Managing growth most important issue in Plympton-Wyoming: Dekker


Ben Dekker says managing growth in Plympton-Wyoming will be the most important issue in the next four years.
The 51 year old cash crop farmer and livestock nutritionalist is running for deputy mayor in the community
Dekker has served on council – on and off – since 2001.
Why did you decide to run for counci?
“I think a cohesive council is really important…the council has to be able to work together…I think this council works together pretty well…I think I’m part of the glue that sticks things together pretty well.”
What will be different about being deputy mayor as opposed to councillor?
“I think it is one out of seven seats at that table. It’s not more important than any other position.”
Dekker says an elected deputy mayor will provide some stablity in the case the mayor can’t attend a meeting.
What important issues that you would like to advance over the next four years?
“Plympton-Wyoming is growing. The lakeshore are is a well sought after environment to live and we’ve got land out there. We’ve got a lot of pressure from developers to move that agenda forward and allow them to develop out there. We have to allow development where people want it in an orderly fashion utilizing our current infrastructure and ensuring that developers pay for any new services that are going in.”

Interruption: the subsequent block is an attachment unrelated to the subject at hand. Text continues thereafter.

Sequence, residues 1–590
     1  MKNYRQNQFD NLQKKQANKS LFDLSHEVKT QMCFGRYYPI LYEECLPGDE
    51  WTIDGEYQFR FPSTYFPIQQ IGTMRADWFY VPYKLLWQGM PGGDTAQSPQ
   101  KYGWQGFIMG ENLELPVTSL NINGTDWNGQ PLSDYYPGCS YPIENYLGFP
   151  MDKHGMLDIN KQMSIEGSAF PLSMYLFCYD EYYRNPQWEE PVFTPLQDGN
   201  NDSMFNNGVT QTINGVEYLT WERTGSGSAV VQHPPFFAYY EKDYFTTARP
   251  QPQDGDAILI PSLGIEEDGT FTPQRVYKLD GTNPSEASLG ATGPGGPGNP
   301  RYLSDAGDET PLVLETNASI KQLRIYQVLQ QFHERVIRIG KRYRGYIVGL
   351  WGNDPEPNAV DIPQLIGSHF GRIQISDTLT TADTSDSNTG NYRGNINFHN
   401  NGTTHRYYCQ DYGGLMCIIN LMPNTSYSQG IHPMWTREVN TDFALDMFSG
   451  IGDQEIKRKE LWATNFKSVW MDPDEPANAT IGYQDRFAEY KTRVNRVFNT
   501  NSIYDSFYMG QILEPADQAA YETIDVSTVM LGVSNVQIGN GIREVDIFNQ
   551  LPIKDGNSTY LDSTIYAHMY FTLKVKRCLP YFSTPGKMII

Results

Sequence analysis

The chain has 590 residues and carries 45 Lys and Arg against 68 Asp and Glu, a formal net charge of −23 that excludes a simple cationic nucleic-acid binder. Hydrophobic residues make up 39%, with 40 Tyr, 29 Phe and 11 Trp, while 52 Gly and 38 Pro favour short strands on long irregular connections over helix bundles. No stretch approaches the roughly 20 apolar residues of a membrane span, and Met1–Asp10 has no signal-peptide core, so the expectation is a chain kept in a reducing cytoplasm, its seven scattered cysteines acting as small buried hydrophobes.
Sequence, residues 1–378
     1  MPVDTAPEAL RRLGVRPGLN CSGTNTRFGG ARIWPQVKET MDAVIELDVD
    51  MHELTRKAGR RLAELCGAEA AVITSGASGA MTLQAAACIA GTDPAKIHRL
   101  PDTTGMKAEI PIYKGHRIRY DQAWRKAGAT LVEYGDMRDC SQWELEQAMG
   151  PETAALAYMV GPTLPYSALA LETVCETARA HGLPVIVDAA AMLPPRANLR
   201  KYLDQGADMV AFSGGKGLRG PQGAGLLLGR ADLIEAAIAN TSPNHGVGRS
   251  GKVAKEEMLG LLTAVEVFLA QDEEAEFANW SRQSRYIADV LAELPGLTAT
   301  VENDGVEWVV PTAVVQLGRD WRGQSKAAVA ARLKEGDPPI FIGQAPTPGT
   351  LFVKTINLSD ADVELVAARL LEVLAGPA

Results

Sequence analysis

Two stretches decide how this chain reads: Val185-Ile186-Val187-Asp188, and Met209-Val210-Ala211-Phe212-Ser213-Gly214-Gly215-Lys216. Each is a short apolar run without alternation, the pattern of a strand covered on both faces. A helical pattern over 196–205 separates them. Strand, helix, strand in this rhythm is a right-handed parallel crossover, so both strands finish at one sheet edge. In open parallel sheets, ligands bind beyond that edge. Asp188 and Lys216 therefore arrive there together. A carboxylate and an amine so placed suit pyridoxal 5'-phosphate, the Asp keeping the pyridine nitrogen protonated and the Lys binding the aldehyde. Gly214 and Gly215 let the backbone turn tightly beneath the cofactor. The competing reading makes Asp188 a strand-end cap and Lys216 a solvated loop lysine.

Developers have come to Plympton-Wyoming in the past saying it is really expensive to develop here, could that hold development back?
“Absolutely not. We have a development charges bylaw…current ratepayers are not expected to pay for development..people complain about development charges and why it cost something to build in Plympton-Wyoming, I can tell you why, because we want to treat our existing ratepayers fairly. We don’t want them to pay for development.
“If new people want to live in our community and it is obvious they do, they will pay their fair share.”
Will the people moving to the community and building start demanding more services, similiar to what is being offered in Petrolia?
“I talked to a young family who lives in Petrolia who used to live in Wyoming who said Wyoming had so much stuff for the kids; they’ve got a swimming pool, there is a trail, there is tot parks, there is places to go for kids and Petrolia doesn’t have that unless you’re a part of the community centre.
I would defend our current level of ammenities for our ratepayers and say actually, we’re a really well serviced municipality…and it is making Plympton-Wyoming a desitination…
“We’ve got some really good infrastructure, will new residents demand more? I don’t know. I guess we’ll find out over time.”
With the province talking abou its deficit, and Plympton-Wyoming being frugal in the past, how is the town going to maintain all of its infrastructure?
“We have to maintain our assets. We have to be reserving money so we can replace roads when the time comes. We’ve got a good track record of doing that when it comes to equipments and roads…
“Certainly lately we’ve been able to capitalize on grant money – look at the ball parks – but we’re not dependent on grant money…but we need to keep putting money in the bank so that when things start going south, we can replace them.”